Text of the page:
U.S. employers added an average of 244,000 new workers over the past six months. That’s the best performance in eight years, but July came in weaker than expected and the gain wasn’t enough to hold the line on unemployment.
According to the Labor Department, employers added 209,000 new workers to their payrolls last month. But the U.S. unemployment rate inched UP a-tenth-of a point to 6.2 percent as more Americans began actively looking for work. While most were unsuccessful finding a job, the increase suggests optimism is growing.
And for good reason: Consumer spending is on the rise, manufacturing is strengthening and auto sales have grown significantly in recent months.
President Obama cited Friday’s payroll figures as evidence that his Administration is getting America back to work. But critics say some Obama policies are actually hampering job growth – including an especially controversial proposal to limit carbon emissions from the nation’s coal-fired power plants.
Hundreds voiced their opinions this week over proposed changes to federal guidelines and clean energy standards governing power companies.
The Environmental Protection Agency held hearings in a handful of cities on the reforms.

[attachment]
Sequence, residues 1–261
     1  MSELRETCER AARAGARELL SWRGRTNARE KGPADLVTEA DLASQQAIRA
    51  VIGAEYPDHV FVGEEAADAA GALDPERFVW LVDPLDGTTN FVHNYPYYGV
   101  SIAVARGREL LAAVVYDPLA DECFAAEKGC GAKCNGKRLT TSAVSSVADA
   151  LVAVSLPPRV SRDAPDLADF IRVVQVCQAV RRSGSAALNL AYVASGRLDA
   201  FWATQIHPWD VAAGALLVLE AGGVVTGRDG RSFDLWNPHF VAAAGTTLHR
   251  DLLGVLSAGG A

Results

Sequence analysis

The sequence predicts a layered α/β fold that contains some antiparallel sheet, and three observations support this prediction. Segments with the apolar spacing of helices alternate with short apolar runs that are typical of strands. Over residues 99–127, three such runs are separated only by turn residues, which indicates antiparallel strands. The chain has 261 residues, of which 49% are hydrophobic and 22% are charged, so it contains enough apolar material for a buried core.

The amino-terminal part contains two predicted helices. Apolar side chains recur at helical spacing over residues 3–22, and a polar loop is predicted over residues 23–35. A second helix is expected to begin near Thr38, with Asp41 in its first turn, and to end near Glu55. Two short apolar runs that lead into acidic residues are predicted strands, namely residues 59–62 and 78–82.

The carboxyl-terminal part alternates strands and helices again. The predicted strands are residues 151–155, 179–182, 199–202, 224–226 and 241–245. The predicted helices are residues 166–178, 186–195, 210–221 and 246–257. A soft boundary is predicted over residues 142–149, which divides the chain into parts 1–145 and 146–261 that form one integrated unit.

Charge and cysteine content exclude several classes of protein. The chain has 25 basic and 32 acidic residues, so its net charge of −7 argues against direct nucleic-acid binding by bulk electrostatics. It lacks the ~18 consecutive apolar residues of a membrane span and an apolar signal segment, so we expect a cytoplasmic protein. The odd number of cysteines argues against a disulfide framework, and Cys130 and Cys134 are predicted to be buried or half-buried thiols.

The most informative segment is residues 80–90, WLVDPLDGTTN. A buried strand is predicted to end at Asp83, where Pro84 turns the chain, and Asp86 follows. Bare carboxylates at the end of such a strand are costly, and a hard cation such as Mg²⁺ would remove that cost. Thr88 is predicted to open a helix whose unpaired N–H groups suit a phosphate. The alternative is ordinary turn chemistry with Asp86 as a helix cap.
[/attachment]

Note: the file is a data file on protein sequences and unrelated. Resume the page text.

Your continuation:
In June, President Obama called for a 30 percent reduction of carbon dioxide emissions by 2030. The overall goal is to reduce climate change.
Speakers were limited to five minutes to make their case to the EPA in Denver, Atlanta, Pittsburgh and Washington.
The topic of air pollution traditionally sets off a loud debate over environmental values and economic vitality in the West. Three of the top 10 coal-producing states are in this region of the country.
Joe McCabe, utility company stockholder: "I'm a stock holder at many electric utilities and I think, uh, they're not going about the environment the correct way. There's a new business model happening and they're asleep at the wheel.'
Renewable Energy Systems Americas Incorporated is invested heavily in green power, held a press conference to promote their clean tech agenda.
Anna Giovinetto, VP corporate affairs, Renewable Energy Systems Americas Inc. "The United States didn't singlehandedly create the global climate crisis, and we can't singlehandedly reverse it either. But as a nation we must stand up and take a leadership role in addressing it and the clean power plant is a significant step forward.'
Despite new federal guidelines, states would have wide latitude in choosing how to meet the administration’s aggressive goals. That leaves an uncertain fate for some of the West’s coal-fired power plants.
Arch Coal is active in the western U.S. and one of the largest coal producers in the world.
Greg Schaefer, spokesman, Arch Coal: "EPA has done a good job with these listening sessions but I'm afraid they're not listening. So if they would try to engage the coal industry as opposed to try to put them out of business I think they'd go a long way with our ability to sit down with them and work, work in a joint manner.'